The Bush administration demanded in court documents this week that Google Inc. turn over information about its users’ Internet search requests.
Google has refused to comply with a Justice Department subpoena filed last year, which the agency hopes to use to resurrect the 1998 Child Online Protection Act (COPA), which the Supreme Court struck down in 2004.
The subpoena requested that Google provide a random sample of 1 million Web addresses and “the text of each search string entered into Google’s search engine over a one-week period (absent any information identifying the person who entered such query),” according to the motion filed Wednesday in San Jose, Calif., by Justice Department lawyers.
“Google is not a party to this lawsuit, and their demand for information overreaches,” said Nicole Wong, Google’s associate general counsel. “We had lengthy discussions with them to try to resolve this, but were not able to, and we intend to resist their motion vigorously.”
Nearly half of all U.S. Web searches are done via Google, followed by Sunnyvale, Calif., company Yahoo Inc. at 23 percent, MSN (Microsoft Network) at 11 percent, and America Online Inc. at 7 percent, according to November figures from Nielsen/NetRatings.
The Supreme Court ruled against COPA, which Congress enacted to protect children from sexually explicit material on the Internet, two years ago on free-speech grounds raised by the American Civil Liberties Union (ACLU) and other groups. The high court sent it back to federal court in Pennsylvania.
The government contends that it needs the search-engine data to help prove the act’s constitutionality and that it would be more effective than filtering software in protecting minors from Internet pornography and other harmful content.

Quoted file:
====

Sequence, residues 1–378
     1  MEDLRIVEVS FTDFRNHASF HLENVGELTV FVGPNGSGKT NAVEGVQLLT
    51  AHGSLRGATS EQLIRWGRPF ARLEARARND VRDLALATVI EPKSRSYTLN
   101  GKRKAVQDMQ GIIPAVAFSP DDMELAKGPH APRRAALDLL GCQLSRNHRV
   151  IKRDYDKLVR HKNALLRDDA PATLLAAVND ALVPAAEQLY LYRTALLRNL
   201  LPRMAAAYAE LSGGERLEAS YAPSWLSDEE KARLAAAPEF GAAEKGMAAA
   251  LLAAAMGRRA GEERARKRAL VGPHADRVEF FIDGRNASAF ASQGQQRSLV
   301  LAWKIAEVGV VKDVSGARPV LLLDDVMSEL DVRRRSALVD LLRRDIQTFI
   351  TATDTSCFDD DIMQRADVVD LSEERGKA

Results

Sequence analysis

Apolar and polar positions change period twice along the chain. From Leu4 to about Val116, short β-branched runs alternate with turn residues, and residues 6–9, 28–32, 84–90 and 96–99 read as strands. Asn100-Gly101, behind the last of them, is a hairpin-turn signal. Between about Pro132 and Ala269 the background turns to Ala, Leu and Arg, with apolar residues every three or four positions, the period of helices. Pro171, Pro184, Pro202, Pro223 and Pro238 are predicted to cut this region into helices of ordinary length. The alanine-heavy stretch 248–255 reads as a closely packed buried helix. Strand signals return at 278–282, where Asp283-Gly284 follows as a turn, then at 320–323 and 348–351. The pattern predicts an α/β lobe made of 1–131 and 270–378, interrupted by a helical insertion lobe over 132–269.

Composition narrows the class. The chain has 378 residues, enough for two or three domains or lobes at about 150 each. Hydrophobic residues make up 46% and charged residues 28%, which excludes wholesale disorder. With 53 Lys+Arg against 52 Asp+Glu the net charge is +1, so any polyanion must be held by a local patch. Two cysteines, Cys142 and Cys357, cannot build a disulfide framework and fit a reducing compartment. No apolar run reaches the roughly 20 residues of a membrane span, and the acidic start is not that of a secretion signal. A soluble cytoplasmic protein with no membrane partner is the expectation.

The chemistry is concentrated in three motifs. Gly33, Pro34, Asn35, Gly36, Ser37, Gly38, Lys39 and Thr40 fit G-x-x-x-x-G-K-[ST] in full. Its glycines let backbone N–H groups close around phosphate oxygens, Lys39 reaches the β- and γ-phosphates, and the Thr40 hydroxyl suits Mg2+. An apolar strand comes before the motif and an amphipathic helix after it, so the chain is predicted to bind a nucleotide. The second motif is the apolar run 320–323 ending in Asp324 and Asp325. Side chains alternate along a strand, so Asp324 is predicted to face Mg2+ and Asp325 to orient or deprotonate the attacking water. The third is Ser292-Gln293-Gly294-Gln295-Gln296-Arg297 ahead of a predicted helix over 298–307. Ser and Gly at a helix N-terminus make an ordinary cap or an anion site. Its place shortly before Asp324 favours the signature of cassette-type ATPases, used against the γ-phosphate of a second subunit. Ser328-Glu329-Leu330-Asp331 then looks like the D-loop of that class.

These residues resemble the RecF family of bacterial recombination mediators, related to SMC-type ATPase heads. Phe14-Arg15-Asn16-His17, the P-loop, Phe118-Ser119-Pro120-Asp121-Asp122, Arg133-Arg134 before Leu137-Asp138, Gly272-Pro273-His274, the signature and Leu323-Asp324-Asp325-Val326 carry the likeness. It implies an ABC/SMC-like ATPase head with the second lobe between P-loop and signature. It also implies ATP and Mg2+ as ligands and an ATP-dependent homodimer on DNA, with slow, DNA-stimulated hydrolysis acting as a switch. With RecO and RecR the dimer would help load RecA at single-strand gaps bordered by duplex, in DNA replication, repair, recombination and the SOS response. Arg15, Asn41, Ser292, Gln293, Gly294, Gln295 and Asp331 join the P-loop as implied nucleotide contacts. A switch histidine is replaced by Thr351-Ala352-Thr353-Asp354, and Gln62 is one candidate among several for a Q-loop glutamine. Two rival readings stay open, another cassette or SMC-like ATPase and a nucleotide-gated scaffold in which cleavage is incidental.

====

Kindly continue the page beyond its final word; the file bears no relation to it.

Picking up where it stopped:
Laura Parsky, deputy assistant attorney general, said she could not comment on pending litigation, when asked about the Google case yesterday during a Senate Commerce, Science and Transportation Committee hearing about protecting children on the Internet.
“It’s a bit odd that the government feels the need to conduct a fishing expedition with Google if it wants to test the filtering technology,” said Sherwin Siy, staff counsel at the Electronic Privacy Information Center in Washington, which joined the ACLU as a plaintiff in the original case.
Thomas M. Boyd, a partner specializing in privacy issues at Alston & Bird LLP in Washington and a former assistant attorney general, said he understood both sides of the case.
“Though the law may be on the government’s side here, I can appreciate Google’s reluctance to turn over this information, which, presumably, contains some sensitive personal information pertaining to its customers, including e-mail addresses, without any control over how it’s treated after the fact,” he said.
Mr. Siy said Google’s defense of its users’ privacy rights was admirable, but the Mountain View, Calif., company could have avoided the problem if it didn’t keep the personal data.
“They wouldn’t have to fight if they didn’t keep this information in the first place,” he said.
Google said the government requests would put an undue burden on the company. But the motion offered to “compensate Google for its reasonable expenses,” and noted that other companies did not report any compliance difficulties.
“We did not provide any personal information in response to the Department of Justice’s subpoena,” Yahoo spokeswoman Mary Osako wrote in an e-mail yesterday. “In our opinion, this is not a privacy issue. We complied on a limited basis and did not provide any personally identifiable information.”
MSN said Microsoft Corp. “works closely with law-enforcement officials worldwide to assist them when requested,” but did not address whether the Redmond, Wash., company provided the Justice Department with any information.
Andrew Weinstein, an AOL spokesman, said the Sterling, Va., company did receive a subpoena but provided the government with only a “list of aggregate, anonymous search terms from a roughly one-day period.”